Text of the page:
Print this page

Stimulus  considers new venture fund
Featured

23 June 2017
Author   ERIC NYASHA MHUNDURU
Namibia Stock Exchange-listed private equity firm, Stimulus Investments, is considering establishing a new venture capital fund, which will likely have a different mandate.
This comes as Stimulus’ existing funding lifespan is expected to come to an end in 2021.
Pointbreak Group Chief Executive Officer, Josephat Mwatotele, confirmed in an interview with the Windhoek Observer this week that a second fund was under consideration, but cautioned that the process has not been formalised yet.
Pointbreak is responsible for the management of Stimulus.
“Yes, we did mention that we are considering a second fund. It is still a consideration and we have not formalised that process yet,” Mwatotele said. “The rationale behind a second fund is to see if we can create a fund with a different mandate from the current one.”
The Pointbreak executive said a new fund will give them the flexibility to pursue new opportunities.
“There are several considerations such as the Energy Fund. I am not saying that we are going to look into the Energy Fund, but a fund which will have a different mandate would be appropriate and should be flexible to pursue different investment opportunities.
“Nothing has been approved yet and nothing has been submitted. We are basically telling our investors that we are considering a new strategic alternative though we have not pursued anything yet in that regard,” Mwatotele said.
He said the proposed new fund would afford Stimulus the opportunity to diversify its risk.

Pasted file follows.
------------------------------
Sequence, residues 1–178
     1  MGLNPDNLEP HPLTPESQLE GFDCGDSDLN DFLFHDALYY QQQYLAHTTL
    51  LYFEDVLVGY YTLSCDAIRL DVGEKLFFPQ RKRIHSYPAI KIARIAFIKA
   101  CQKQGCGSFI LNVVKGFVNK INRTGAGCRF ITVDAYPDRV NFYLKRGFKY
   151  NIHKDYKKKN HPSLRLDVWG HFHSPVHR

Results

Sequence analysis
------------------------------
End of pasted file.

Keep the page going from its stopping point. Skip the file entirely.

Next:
“We want to create a new fund that should be risk dynamic, with a different risk appetite, a different risk profile and risk mandate altogether.”
In 2004, Pointbreak together with a number of black business professionals established Stimulus with preference shares in the company listed on the Namibian Stock Exchange.
Stimulus raised N$123,68m from Namibian institutions and individuals.
During November 2011, Stimulus redeemed the original preference shares and issued a new round of 10-year preference shares, totalling N$250m.
In the process, the lifespan of the Stimulus’ funding arrangement was extended to 2021 and Stimulus gained approximately N$100m in new capital to invest.
Mwatotele said a new fund would auger well with their new partners FNB Namibia, who recently acquired a 49 percent stake in Pointbreak and offered a larger capital pool for potential investment in the country and outside of Namibia.
He said from experience with limited capital to invest, they had faced several limitations and with FNB onboard, through its asset management subsidiary, Ashburton Asset Management, their horizons were now broader and it was just a matter of time before they start exploring new opportunities.
“For us to be part of a bigger group and have access to a bigger capital pool from FNB was the major attraction, but certainly there are several opportunities of being part of this bigger group and we will be able to offer a bigger product portfolio to our clients.
“As a small company, we have always been constrained and our expansion capabilities were limited by the size and capital availability. With FNB we can now gain international exposure through Ashburton Asset Management.”
Stimulus is currently invested in prominent Namibian companies such as Cymot, Plastic Packaging, Namibia Media Holdings, Walvis bay Stevedoring, Joe’s Beerhouse Properties, Nashua and Neo Paints.
During the financial year ended 28 February 2017, Stimulus had total assets under management of N$503 million, up from N$382 million last year.
 
 
 
 
 

Related items